The '65 Newport Folk Festival is a tragi-comedy of such a size, populated with characters of so sharp a definition, that it is amazing no one has put it up for a film. In short, Dylan goes electric: backed by the Paul Butterfield Blues Band, a screaming Mike Bloomfield on lead guitar, he leads the charge with three electric numbers that splinter the cosy mid-'60s folk community. Around this performance spin all the factions, some wishing to cut the electric cables and kill the sound, others dancing, others claiming Dylan is crying on stage. And who is at the mixing desk, who set up the amplifiers, who runs back to the desk with orders from folk veteran Pete Seeger to turn it down? Joe Boyd. It's a great chapter.
Boyd's legacy as a producer is a brace of albums that he made in London between '66 and '70. The groups and singers bear exotic names: Fairport Convention, The Incredible String Band, Fotheringay, Nick Drake. Their music is the exhaustion that was inevitable at the end of a gruelling decade of trends and movements. It's hippie folk, but it's the very best of it and it has aged well. Boyd found his home here, the American with the exquisite folk-rock credentials meeting a group of talented English and Scottish songwriters and musicians schooled on the same roots. But they bring a twist, a particular Britishness to it all: with Fairport it was the first great electrification of English folk music, for Nick Drake it was Keats and Coleridge, and for The Incredible String Band it was the whole '60s caravan.
The ten best albums from this period live on. And it's to Boyd's credit that he fostered these talents and recorded them so well. He has remained a custodian to them, and seen their currency in the rock world rise. Nick Drake, especially, has come in for a major re-evaluation; revered in his day by insiders, his hushed dark-wood folk sounds spectacular now. Homage has also come from the Freak Folk scene, a new wave of bands and singers who take inspiration from these records, and who all look suspiciously like The Incredible String Band circa '68.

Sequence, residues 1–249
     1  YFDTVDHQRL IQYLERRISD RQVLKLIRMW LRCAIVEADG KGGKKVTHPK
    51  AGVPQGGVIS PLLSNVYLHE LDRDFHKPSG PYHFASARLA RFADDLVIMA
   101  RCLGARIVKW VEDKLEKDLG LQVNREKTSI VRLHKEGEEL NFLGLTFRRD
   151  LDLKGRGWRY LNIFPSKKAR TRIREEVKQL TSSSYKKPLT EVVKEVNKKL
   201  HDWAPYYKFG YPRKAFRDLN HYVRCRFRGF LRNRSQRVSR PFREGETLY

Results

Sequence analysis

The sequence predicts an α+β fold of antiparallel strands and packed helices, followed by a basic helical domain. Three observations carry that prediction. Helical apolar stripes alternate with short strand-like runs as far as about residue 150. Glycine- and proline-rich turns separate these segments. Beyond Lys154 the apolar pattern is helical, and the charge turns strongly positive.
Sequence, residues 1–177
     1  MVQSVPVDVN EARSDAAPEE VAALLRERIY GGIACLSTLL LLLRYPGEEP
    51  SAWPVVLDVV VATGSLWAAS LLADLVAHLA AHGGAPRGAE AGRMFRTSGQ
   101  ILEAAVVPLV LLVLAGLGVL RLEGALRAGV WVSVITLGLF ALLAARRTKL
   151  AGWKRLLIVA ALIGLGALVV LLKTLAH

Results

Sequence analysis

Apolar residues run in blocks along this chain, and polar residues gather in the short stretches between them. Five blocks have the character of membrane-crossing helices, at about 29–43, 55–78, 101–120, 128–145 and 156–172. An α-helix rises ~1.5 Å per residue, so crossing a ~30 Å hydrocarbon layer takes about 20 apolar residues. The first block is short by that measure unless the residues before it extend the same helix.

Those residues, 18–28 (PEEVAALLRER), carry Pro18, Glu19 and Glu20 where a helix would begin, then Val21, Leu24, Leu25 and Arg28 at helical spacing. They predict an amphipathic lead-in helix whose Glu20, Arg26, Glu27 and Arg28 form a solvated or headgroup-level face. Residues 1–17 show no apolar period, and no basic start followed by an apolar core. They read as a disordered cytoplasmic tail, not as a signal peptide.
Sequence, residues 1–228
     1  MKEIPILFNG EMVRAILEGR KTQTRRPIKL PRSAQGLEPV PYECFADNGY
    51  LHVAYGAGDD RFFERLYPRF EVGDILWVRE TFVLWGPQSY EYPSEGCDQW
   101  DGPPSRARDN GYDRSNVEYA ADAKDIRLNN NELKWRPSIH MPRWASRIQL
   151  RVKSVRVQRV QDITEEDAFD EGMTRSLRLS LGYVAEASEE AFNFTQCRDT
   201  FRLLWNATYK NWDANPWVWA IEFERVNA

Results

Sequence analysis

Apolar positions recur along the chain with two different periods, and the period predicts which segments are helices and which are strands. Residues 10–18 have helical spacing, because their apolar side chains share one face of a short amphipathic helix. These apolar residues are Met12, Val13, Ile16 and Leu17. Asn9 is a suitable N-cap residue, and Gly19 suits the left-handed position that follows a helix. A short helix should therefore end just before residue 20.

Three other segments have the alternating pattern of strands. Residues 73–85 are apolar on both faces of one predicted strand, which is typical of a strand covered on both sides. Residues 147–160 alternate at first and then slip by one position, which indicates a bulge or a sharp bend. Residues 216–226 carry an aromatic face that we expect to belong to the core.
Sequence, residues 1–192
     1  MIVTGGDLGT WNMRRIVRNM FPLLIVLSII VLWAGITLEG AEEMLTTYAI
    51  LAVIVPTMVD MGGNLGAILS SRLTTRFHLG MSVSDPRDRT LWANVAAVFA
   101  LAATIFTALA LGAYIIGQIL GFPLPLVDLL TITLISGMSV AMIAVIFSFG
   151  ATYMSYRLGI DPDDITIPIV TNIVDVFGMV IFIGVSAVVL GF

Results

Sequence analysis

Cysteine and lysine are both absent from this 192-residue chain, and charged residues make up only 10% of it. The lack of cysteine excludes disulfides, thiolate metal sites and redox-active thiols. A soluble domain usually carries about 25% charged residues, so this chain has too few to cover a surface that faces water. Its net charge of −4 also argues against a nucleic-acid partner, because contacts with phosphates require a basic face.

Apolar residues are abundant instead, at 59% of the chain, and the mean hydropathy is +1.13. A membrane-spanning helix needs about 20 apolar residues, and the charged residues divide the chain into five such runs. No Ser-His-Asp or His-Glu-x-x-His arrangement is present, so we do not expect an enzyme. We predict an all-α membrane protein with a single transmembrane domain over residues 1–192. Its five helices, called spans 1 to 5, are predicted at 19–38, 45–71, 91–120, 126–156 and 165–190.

But the dream had to die. This was not an age of brand-naming the band and building the franchise; more a situation in flux, with talented people exploding around drugs, relationships and the ideals that they packed into their music. Boyd is overworked and, struggling with budgets and record-company problems, watches his world fall apart and begins to contemplate his future. Sandy Denny leaves Fairport, Nick Drake slips further into the depression that will lead to his death in '74, The Incredible String Band finds Scientology. Boyd takes a chance in LA.
A little heat goes out of the book here. It's as if, after the glories of Boston and London, LA is a step too far. As the new head of the music department for Warner Brothers Film, Boyd arrives expecting to install mavericks such as John Cale in the system. He soon learns the lessons of dollars and sense. His first jobs, working on the soundtracks of A Clockwork Orange and Deliverance, proved disappointments: creative input was denied. Both films are dealt with in a page of White Bicycles. Boyd had left his fiefdom in London and walked straight into American corporate culture, carrying a naivety and a bag of ideas that had got him through the '60s - but the '60s were no more.
The overwhelming virtue of this book is the level of its gaze. It's a magic carpet ride of the highs and lows, and not one locked into one career on one trip. Boyd fulfils his dream of becoming a record producer, but even at the moment of realisation he's putting on the first London gigs for Pink Floyd. And it's that scope of experience, the interconnections and the skill with which they are woven into the narrative, that make this book a cut above so many others about the era.
The story also benefits from Boyd himself, a most unlikely '60s figure in a way; more the white-suited explorer of old, who finds himself not in Africa but wandering in the jungles of that mad decade. Somebody had to make sense of it then; somebody has to make sense of it now. Who better than Joe Boyd?